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News Ombudsmen Are 'Vulnerable Targets' as Budgets Shrink

By Andy Alexander

As Washington conferences go, this one is small. But the roughly 40 members of the Organization of News Ombudsmen are spending the better part of three days talking about big journalistic issues like credibility, fairness and how to hold their newsrooms accountable to their own high standards.

They’re also confronting a harsh reality: Their numbers are being diminished because of cost-cutting by news organizations – both print and broadcasting – around the world. “In a time of shrinking budgets... news ombudsmen are vulnerable targets,” said Jan van Groesen, an ombudsman from the Netherlands who presented findings of a survey of ombudsmen. He noted that 14 news ombudsmen had lost their jobs in the United States since the beginning of 2008. About the same number of current and former U.S. ombudsmen attended today’s session at The Post.

Looking at ombudsmen worldwide, van Groesen said, only a “very very small minority” is truly independent. Among U.S. newspapers, that would be the case for myself and my friend and longtime colleague Clark Hoyt, who holds the title of “Public Editor” at the New York Times. We are not on the staff of our respective newspapers. Rather, we have contracts for fixed terms of a few years and they guarantee us total independence. We do not report to anyone in our news organization and are free to investigate and write about any journalistic issues we choose.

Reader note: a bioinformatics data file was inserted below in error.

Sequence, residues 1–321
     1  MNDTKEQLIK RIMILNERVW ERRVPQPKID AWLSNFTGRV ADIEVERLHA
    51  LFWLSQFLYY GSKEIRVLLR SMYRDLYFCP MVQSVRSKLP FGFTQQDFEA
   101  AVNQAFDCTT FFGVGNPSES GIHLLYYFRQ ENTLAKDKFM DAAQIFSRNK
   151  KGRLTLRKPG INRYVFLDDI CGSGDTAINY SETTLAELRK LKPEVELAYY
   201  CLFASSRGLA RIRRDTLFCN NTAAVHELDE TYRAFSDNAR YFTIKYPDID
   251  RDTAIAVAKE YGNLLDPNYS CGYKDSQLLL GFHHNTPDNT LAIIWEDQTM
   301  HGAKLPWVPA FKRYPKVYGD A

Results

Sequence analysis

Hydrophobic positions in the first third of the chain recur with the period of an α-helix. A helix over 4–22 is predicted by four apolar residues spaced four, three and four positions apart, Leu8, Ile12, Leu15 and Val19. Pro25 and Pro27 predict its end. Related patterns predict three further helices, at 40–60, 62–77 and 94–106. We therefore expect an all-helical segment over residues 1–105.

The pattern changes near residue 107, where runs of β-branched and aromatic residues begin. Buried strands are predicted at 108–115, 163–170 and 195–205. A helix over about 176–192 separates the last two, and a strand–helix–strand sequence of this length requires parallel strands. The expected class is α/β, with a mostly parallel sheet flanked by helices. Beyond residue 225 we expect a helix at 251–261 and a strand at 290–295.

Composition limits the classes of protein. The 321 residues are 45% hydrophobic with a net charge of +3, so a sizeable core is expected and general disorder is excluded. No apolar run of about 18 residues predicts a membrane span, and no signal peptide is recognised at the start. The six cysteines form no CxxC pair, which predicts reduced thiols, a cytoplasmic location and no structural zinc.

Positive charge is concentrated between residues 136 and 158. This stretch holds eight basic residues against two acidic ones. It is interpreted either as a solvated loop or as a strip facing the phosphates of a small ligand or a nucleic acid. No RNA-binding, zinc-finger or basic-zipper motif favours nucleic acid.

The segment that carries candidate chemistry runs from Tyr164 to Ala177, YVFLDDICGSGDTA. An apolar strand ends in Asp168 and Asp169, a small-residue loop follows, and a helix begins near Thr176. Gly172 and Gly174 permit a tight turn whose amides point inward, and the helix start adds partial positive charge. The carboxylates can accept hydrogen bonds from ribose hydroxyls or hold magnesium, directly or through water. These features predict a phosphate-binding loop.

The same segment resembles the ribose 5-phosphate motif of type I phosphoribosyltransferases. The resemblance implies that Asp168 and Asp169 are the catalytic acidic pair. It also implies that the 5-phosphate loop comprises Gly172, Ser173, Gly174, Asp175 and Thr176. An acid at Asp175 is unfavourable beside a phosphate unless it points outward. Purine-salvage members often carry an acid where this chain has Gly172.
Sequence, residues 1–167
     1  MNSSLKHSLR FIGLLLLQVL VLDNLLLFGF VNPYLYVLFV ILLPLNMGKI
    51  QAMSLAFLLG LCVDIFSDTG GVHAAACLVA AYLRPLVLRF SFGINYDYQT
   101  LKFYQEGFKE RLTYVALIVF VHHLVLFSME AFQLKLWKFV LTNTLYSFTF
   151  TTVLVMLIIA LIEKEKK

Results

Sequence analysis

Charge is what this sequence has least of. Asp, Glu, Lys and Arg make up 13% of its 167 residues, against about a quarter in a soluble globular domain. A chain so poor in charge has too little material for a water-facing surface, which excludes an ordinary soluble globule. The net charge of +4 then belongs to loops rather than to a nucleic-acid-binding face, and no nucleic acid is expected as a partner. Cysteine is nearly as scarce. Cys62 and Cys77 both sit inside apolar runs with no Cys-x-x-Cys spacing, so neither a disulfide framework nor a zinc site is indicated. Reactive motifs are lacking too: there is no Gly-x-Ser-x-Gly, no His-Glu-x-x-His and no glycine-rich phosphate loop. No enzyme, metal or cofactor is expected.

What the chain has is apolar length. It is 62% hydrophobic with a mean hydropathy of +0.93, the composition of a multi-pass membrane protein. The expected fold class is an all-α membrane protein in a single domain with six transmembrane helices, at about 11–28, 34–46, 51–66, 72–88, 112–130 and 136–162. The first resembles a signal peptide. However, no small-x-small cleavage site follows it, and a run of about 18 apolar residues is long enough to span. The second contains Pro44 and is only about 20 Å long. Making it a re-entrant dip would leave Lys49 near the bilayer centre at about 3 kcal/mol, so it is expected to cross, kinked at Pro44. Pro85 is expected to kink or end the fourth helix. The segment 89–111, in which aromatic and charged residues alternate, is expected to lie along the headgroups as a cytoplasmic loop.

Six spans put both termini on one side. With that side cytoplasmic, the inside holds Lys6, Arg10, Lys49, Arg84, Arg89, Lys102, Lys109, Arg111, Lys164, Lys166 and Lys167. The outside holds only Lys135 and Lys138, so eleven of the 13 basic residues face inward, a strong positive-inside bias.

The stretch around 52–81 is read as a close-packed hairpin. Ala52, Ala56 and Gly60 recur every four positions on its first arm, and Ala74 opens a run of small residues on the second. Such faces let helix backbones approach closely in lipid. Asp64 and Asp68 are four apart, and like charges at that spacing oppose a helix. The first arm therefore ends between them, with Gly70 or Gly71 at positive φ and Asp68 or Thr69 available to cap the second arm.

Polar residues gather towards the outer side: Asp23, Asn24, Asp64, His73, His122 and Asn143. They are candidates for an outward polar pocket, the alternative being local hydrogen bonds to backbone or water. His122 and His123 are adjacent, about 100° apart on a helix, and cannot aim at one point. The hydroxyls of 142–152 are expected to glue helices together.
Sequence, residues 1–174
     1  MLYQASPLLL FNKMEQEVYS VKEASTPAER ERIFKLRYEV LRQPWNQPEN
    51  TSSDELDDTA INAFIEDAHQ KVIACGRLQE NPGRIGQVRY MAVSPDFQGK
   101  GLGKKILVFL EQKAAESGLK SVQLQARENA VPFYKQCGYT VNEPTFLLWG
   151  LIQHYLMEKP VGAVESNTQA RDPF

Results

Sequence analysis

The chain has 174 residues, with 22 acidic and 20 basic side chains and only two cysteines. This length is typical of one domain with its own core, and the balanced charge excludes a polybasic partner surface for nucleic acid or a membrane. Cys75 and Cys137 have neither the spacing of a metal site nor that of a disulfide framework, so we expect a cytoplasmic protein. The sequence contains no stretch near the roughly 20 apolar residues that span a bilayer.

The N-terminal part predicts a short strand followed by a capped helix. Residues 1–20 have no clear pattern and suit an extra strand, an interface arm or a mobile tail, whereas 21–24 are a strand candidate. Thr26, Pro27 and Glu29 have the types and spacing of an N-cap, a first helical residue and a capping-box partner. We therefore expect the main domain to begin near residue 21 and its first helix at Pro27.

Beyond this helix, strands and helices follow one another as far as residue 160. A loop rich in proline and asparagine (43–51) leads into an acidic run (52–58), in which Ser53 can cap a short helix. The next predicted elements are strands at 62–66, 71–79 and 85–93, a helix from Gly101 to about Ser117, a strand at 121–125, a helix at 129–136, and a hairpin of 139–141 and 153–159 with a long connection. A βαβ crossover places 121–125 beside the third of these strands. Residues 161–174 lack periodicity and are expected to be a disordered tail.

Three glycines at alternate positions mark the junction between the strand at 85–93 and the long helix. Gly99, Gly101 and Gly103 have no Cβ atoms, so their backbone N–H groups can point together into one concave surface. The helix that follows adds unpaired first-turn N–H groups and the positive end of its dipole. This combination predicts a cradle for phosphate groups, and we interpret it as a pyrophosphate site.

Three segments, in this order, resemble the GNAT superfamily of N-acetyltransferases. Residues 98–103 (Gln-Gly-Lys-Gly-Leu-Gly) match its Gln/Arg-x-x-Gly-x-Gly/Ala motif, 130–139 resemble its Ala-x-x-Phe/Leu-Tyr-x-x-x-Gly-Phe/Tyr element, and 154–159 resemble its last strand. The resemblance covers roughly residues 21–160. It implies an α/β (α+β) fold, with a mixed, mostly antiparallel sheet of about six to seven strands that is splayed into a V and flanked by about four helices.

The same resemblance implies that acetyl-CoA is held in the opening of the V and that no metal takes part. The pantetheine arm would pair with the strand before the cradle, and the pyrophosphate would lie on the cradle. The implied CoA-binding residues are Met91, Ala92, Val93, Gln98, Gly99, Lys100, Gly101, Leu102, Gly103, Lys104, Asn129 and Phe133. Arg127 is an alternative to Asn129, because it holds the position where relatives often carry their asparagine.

Not surprisingly, the survey of ombudsmen found that “bias” in news coverage is the top complaint from the public.

Among bright spots in the survey: There’s some evidence that the ombudsman concept is being embraced in places like Africa and Eastern Europe.

Ombudsmen are a unique species, both highly principled and masochistic. The latter trait comes from the stamina required to hear incessant complaints from readers, listeners and viewers, while at the same time enduring occasional wrath from reporters and editors after an ombudsman renders judgment on their performance. During shop-talk Monday afternoon, there were several stories of foreign ombudsmen being threatened by unhappy members of their news staff. Most ombudsmen can relate their favorite tale of receiving a tongue-lashing from an angry newsroom staffer.

Ombudsmen offered tips for survival. One was to keep a “respectful distance” from the people we cover in the newsroom, even though some of them may be friends. Another piece of advice that brought a collective nod of approval: “Keep a sense of humor.”

By Andy Alexander  | May 11, 2009; 5:59 PM ET
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